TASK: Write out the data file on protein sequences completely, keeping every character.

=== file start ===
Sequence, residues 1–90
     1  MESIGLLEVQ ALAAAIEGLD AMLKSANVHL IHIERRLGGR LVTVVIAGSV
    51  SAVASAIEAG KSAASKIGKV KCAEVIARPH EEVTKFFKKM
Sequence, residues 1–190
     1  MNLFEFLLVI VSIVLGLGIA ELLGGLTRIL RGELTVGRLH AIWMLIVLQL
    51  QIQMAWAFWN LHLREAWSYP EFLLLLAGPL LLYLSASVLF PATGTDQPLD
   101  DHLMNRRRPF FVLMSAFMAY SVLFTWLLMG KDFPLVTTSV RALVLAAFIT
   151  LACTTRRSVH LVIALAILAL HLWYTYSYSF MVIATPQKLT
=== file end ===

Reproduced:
Sequence, residues 1–90
     1  MESIGLLEVQ ALAAAIEGLD AMLKSANVHL IHIERRLGGR LVTVVIAGSV
    51  SAVASAIEAG KSAASKIGKV KCAEVIARPH EEVTKFFKKM
Sequence, residues 1–190
     1  MNLFEFLLVI VSIVLGLGIA ELLGGLTRIL RGELTVGRLH AIWMLIVLQL
    51  QIQMAWAFWN LHLREAWSYP EFLLLLAGPL LLYLSASVLF PATGTDQPLD
   101  DHLMNRRRPF FVLMSAFMAY SVLFTWLLMG KDFPLVTTSV RALVLAAFIT
   151  LACTTRRSVH LVIALAILAL HLWYTYSYSF MVIATPQKLT